We determined how serial measurements of prostate specific antigen and alkaline phosphatase can be used to predict survival early in the course of hormone treated metastatic prostate cancer.
Materials and Methods
The study was based on a prospective randomized trial of 915 patients with metastatic prostate carcinoma designed to compare parenteral estrogen (polyestradiol phosphate) vs total androgen blockade. We included 697 men who survived at least 6 months and had complete serial measurements of prostate specific antigen and alkaline phosphatase . Six models were constructed based on prostate specific antigen and alkaline phosphatase at start, and after 6 months of treatment, alkaline phosphatase flare and relative prostate specific antigen velocity. We constructed time dependent receiver operating characteristic curves with corresponding area under the curve to predict death from prostate cancer within 3 years.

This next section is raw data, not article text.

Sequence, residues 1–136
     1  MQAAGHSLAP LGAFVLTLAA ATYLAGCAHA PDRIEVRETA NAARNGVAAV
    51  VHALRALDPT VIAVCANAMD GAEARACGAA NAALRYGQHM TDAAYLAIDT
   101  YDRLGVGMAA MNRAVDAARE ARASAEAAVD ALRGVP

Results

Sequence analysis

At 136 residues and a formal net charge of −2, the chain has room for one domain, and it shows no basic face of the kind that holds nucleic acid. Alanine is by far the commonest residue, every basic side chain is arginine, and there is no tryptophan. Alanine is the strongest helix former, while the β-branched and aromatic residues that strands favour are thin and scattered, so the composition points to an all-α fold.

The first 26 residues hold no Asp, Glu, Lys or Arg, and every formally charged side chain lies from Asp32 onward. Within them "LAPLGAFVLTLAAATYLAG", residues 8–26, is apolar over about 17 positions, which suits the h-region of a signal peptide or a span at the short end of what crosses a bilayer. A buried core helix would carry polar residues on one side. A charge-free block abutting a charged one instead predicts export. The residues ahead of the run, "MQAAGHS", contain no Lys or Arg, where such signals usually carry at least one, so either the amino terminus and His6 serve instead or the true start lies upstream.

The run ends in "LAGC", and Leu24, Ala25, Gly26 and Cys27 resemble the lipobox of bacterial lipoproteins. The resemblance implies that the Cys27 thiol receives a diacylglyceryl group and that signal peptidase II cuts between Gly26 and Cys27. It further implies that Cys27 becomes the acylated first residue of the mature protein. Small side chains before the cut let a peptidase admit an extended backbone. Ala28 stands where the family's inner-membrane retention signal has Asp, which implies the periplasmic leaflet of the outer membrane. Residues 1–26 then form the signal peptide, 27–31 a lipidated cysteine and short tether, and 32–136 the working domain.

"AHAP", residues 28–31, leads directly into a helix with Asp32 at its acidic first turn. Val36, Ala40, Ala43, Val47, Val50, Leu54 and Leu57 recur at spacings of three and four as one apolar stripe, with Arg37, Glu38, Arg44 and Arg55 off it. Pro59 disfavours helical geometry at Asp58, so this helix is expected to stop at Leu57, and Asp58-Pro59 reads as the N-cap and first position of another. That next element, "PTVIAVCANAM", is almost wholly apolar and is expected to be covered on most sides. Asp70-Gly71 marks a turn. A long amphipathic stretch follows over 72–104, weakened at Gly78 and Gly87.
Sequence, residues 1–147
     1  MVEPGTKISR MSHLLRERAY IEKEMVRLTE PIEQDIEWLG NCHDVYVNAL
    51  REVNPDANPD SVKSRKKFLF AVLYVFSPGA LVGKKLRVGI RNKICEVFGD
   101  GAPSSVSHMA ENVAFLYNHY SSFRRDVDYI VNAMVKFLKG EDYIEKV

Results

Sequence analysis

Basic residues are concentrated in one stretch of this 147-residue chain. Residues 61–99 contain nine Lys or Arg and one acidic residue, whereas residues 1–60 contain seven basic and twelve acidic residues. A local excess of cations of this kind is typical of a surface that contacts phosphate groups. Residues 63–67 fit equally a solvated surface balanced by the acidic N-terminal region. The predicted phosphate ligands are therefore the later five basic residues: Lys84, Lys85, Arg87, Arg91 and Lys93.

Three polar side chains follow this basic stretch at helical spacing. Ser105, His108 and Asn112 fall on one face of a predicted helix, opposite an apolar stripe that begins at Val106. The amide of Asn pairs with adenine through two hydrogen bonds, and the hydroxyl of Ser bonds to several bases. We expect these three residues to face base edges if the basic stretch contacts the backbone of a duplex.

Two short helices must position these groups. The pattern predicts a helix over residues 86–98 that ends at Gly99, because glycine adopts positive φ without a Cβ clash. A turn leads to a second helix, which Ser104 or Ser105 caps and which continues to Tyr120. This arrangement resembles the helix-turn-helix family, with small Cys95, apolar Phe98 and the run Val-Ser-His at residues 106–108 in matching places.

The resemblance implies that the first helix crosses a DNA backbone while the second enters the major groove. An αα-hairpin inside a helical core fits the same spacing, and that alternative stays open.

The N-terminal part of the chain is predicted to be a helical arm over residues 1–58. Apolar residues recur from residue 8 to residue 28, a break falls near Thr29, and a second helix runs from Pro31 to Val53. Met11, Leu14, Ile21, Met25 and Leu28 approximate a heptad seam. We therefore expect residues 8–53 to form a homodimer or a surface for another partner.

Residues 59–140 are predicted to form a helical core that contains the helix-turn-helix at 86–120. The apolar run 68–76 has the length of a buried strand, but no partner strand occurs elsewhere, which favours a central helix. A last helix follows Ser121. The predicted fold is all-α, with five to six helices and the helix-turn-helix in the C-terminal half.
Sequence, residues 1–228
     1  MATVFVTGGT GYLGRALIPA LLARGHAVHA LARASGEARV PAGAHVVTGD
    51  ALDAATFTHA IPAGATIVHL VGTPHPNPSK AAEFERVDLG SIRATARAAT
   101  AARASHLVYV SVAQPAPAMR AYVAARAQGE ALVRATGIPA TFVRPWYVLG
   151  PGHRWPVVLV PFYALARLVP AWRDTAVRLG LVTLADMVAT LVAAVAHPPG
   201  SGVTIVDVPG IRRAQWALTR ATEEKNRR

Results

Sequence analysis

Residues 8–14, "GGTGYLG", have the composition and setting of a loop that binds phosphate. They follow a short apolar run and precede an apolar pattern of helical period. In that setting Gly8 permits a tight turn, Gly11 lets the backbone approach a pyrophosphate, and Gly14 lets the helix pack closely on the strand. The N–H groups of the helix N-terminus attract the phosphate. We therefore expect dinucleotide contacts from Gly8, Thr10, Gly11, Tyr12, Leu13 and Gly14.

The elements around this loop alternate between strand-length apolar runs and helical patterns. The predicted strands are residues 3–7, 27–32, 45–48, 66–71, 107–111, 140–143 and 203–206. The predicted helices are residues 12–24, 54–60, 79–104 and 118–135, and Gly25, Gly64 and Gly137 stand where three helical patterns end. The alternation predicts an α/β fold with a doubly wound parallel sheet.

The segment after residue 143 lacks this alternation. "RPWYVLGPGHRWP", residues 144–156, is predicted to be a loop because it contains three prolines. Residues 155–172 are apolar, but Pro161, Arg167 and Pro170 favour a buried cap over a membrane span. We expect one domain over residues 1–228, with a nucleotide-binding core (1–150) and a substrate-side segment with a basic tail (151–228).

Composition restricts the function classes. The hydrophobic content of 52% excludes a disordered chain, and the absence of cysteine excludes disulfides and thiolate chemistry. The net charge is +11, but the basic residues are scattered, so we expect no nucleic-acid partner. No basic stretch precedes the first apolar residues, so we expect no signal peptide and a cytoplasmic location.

The best variables to predict outcome were alkaline phosphatase at 6 months (AUC 0.79 for polyestradiol phosphate and 0.72 for total androgen blockade), alkaline phosphatase at baseline (AUC 0.70 for polyestradiol phosphate and total androgen blockade) and prostate specific antigen at 6 months (AUC 0.70 for polyestradiol phosphate and total androgen blockade). Prostate specific antigen and alkaline phosphatase levels 6 months after start of treatment give better prediction of survival than baseline levels.
Alkaline phosphatase at start of treatment and alkaline phosphatase and prostate specific antigen after 6 months can be used to predict survival of hormone treated metastatic prostate cancer.
Department of Urology, Ryhov County Hospital, 55185 Jönköping, Sweden
The Journal of Urology